Create a Personalized “File Not Found” Page

If you’re changing your Web site around and are afraid people will get lost if you move pages, create a user-friendly page to redirect people.

There is usually a single page that is the default for all of your “file not found” messages on your Web site. For mine, it is “404.shtml” (for “Error 404: File Not Found). I honestly have no idea if it’s the same for every site.

When someone clicks on a link to my site that is no longer there or has been moved, they get a friendly message that looks like this:

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Now, isn’t that better than someone getting a message from your service provider?

Simply find the file on your site and replace it with a more personal greeting.

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7 comments to Create a Personalized “File Not Found” Page

  • I did this very thing a couple of years ago and immediately saw an increase in the number of page views by visitors who came via a page no longer on my site. These people would have been lost to me otherwise. It’s worked wonderfully, and I highly recommend this tactic to retain visitors. By using this url, you’ll find my 404 error page; http://www.equineartist.com/home.html

  • That’s even better than mine because you have the entire menu for your site there. I’ll have to put this on my task list! Thanks, Karen.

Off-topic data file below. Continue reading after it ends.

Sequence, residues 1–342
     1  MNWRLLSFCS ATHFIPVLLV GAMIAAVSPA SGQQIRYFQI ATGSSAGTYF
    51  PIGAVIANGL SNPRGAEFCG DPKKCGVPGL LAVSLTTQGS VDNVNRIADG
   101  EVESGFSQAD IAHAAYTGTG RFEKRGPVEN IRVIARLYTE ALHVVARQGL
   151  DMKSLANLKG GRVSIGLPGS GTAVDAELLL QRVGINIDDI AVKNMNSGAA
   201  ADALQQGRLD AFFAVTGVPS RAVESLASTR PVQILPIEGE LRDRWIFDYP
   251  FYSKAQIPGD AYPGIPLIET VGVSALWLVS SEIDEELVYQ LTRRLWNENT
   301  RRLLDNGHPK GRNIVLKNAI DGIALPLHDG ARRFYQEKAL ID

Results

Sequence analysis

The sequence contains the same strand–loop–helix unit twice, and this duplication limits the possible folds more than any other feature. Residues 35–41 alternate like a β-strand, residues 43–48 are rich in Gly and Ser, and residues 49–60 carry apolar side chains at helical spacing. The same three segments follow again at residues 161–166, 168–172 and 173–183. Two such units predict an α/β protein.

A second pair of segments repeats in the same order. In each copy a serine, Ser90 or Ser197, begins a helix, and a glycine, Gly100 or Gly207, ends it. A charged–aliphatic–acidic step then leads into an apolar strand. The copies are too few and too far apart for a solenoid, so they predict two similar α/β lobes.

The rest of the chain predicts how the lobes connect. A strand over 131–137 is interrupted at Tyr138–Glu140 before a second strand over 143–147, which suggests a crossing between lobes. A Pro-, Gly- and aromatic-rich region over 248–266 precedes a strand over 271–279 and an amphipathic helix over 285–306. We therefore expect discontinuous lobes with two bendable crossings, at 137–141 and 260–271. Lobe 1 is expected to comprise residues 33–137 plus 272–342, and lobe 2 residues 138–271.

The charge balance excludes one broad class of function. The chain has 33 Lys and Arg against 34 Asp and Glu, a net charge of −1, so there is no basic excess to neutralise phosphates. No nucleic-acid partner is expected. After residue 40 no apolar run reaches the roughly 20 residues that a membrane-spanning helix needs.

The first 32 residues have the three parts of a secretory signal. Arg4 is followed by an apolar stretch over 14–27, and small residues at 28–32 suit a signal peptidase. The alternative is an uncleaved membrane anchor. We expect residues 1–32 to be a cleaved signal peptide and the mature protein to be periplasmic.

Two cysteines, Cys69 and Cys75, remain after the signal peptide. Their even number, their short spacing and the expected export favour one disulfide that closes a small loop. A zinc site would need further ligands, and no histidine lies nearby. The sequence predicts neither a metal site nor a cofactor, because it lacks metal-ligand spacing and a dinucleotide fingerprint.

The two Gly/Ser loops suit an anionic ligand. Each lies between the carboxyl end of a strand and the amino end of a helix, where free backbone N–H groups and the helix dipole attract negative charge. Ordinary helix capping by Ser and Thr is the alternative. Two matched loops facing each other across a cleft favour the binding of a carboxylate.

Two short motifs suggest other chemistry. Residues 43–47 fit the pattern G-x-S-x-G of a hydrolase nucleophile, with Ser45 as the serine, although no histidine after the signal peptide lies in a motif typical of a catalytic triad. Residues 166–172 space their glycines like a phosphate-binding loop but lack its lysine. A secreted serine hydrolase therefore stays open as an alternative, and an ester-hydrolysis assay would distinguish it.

• This is mine: http://www.lisavollrath.com/404.php WordPress comes with the instructions on building a custom 404, and it’s really been helpful with all the broken links created by migrating my site into new software.

  • This is indeed an important feature to implement on a web site. I specialize in building web applications that let artists easily and quickly build professional web sites without needing to know all the html behind the site. All of my sites automatically include a custom 404 page. To see what I mean visit this following dead link to me site: http://www.webartsites.com/4/lp_9611

  • If you are moving or renaming pages on a site, you increase the risk of visitors ending up with a “Page Not Found” message. Regardless of how attractive or helpful the error message page is, it’s annoying to find that a page no longer exists that was once considered a favorite and bookmarked. There is an easy and very considerate solution — put a “redirect” page in place of the one that’s been removed. The code is very simple and I’ve included it below. With the REFRESH CONTENT=”0″ the visitor is quickly taken to the correct page, usually without noticing a delay. Change the URL= to point to the new page and you’ll provide easy navigation without error messages for your visitors.

  • Well, the blog wouldn’t accept the code I mentioned in the previous comment. So I’ll try to get around it by eliminating most of the tags. Create a META tag after the TITLE tag and before the BODY tag that includes the following info with < and > on either end of this statement: HTTP-EQUIV=REFRESH CONTENT=”0; URL=http://www.domainname.com/filename.htm”

  • Pat, this is cool! I’m going to have to do this with some big changes I have coming up in the ArtBizCoach.com site! Thanks so much.